It’s official, the Matt Carpenter experience has worked. And having his bat in the lineup every day has helped the Cardinals go into the All Star Break with the best record in baseball.
Carpenter has ascended in the consciousness of fans, from becoming a utility player, to one of the best second basemen in the NL, and eventually on the All Star team. There is another step he needs to be considered for, an MVP candidate.
If the season was over today, would Carpenter deserve the MVP award? Possibly. Is he in the conversation? Absolutely. Can he win it? Yes. And for these reasons.
Carpenter is a darling of the stats crowd.
Carpenter is an on-base machine. His on base pct. is currently .393. His slugging pct. is .499. He has the 6th highest WAR in the MLB, and the 3rd highest WAR in the NL at 4.4 (only David Wright and Carlos Gomez are ahead of him). He is 6th in the NL with wRC+ at 152.
Carpenter takes a slight hit on wOBA, where he ranks 8th in the NL, which may undermine the fact he is 6th in on base. Also Carpenter’s ISO is under .200.
Regardless, Carpenter has the numbers to garner support from those in the sabermetrics community.
Carpenter has excelled at lead-off.
Matheny has brilliantly ignored any prototype of what a lead-off hitter is supposed to be. He has hit Carpenter lead-off, and Carpenter has excelled in that role. Derrick Goold pointed this out in the Post-Dispatch that even though Carpenter has an impressive slash of .320/.393/.499 on the season, he has an even more impressive slash in the lead-off role of .326/.417/.437. I’m not going to give any narratives that he has a special ability to excel in that role, but the truth remains, when given the lead-off role, he has filled in beyond expectations.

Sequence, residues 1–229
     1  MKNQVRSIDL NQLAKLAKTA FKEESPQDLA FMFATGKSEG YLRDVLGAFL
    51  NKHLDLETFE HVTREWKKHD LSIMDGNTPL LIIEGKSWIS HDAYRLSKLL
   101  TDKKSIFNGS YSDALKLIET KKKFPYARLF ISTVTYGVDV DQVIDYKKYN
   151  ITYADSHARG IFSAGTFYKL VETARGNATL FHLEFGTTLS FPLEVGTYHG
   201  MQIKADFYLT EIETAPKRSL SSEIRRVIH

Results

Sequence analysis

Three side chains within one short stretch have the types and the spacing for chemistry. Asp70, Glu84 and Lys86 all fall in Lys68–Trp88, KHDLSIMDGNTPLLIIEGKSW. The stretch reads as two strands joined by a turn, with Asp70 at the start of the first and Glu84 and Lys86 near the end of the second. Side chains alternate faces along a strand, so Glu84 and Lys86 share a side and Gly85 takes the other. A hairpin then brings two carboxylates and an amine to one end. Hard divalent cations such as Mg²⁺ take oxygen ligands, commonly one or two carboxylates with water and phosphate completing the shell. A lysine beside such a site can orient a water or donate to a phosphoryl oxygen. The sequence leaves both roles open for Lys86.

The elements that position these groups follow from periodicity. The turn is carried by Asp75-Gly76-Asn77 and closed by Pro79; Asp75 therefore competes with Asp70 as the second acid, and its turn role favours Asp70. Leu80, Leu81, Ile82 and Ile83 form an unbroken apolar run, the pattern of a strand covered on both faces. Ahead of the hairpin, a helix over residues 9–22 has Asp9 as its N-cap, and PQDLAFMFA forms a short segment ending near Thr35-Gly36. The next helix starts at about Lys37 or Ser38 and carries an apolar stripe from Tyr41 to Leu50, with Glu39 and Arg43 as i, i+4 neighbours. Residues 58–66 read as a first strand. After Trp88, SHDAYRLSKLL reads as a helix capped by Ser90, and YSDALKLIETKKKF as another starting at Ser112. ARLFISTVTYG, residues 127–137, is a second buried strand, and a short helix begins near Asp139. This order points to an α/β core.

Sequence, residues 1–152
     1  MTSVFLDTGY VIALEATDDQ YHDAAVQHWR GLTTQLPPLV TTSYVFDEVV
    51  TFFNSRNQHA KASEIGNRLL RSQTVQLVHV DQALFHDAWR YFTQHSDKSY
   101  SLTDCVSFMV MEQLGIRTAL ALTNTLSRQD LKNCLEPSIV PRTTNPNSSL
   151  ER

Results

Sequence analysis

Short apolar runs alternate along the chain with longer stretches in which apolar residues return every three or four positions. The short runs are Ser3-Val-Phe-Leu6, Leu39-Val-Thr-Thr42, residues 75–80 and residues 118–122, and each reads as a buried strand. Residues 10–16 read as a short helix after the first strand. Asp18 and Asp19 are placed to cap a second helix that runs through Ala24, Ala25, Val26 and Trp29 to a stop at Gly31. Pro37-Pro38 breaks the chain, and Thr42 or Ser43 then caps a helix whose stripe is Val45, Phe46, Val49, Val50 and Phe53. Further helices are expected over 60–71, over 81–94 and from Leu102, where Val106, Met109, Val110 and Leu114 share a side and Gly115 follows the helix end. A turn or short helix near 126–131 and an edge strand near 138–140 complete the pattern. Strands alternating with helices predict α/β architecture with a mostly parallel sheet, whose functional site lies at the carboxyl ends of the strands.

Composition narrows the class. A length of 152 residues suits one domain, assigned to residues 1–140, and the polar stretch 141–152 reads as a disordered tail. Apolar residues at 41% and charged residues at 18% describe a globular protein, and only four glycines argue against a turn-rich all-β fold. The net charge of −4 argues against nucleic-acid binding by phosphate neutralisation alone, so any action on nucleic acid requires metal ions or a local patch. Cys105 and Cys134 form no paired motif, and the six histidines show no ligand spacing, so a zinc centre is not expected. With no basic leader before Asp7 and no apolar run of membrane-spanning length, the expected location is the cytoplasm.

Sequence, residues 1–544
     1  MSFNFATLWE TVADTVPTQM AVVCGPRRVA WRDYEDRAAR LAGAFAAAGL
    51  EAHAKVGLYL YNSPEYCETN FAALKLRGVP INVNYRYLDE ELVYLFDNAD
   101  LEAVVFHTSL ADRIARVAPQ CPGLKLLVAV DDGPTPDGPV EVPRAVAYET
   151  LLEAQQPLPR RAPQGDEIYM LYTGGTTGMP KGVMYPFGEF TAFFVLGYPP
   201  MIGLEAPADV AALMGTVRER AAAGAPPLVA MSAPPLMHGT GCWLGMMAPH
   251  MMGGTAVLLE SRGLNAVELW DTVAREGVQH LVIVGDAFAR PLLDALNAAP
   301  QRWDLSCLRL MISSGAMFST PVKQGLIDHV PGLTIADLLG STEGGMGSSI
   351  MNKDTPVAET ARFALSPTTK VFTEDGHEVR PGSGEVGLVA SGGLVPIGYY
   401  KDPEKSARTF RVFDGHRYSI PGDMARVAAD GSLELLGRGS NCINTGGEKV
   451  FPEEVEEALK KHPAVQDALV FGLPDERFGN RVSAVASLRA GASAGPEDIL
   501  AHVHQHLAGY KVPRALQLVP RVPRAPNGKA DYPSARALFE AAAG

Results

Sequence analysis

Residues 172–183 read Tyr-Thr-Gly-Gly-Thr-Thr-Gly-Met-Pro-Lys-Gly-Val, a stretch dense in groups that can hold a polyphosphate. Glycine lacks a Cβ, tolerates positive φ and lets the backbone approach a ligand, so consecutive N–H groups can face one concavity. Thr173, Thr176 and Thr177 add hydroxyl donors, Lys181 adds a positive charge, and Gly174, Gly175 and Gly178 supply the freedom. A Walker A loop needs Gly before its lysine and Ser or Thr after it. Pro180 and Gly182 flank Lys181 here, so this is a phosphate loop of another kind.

Carpenter could have the best second half of the season.
His OPS has continued to grow each month. In May it was .914, in June .933 and in July .979. His obs has been good all year, but what’s really effecting his OPS is his rising slugging pct, which hit .532 in July.
Along with that, he is 5th in batting avg in the NL (behind other players including Yadi and Craig for the Cardinals), he has a lower BABIP than any of them besides Posey. This shows a less amount of luck going his way which supports the hypothesis that he can maintain what he’s doing in the second half over his competition.
Narratives are in his corner. Like The Cardinals are going to the post season.
Though Carpenter is only on pace to hit 18 homeruns this year, and MLB hasn’t elected an MVP with that few of homeruns since Barry Larkin in 1995, Carpenter has traditions behind him. For instance, if the season was to end today, The Cards would be a playoff team. The old (and silly) unofficial rule that you have to be on a playoff team to win the MVP would eliminate much of the competition including David Wright and Buster Posey.
Another narrative. Carpenter switched positions.
Hey it worked for Cabrera last year. The “moving to a new position to help his team” narrative can help him quite a bit. I’m in favor of eliminating that school of thought altogether, as you can either play a position well or not. And like Cabrera last year, if you don’t play the position well, you’re not exactly helping your team. But if any of these narratives can help cancel out other narratives, like homeruns mattering in spite of slugging, then I’m all for them crossing each other out.
Which brings us to Carpenter’s defense. He has been at the least serviceable at second base. He has a fielding runs above average of 2.1. He looks comfortable with his range and turning double plays. He is an athlete, and a good one at that, and has taken very well to his new position.
So all of this hopefully shows Carpenter’s name should be in the hat. With a consistent or even superior second half, he can be the first second baseman to win the MVP since Jeff Kent in 2000. And the first Cardinals second baseman to win it since Frankie Frisch in 1931.
Not bad for someone who was without a position last year.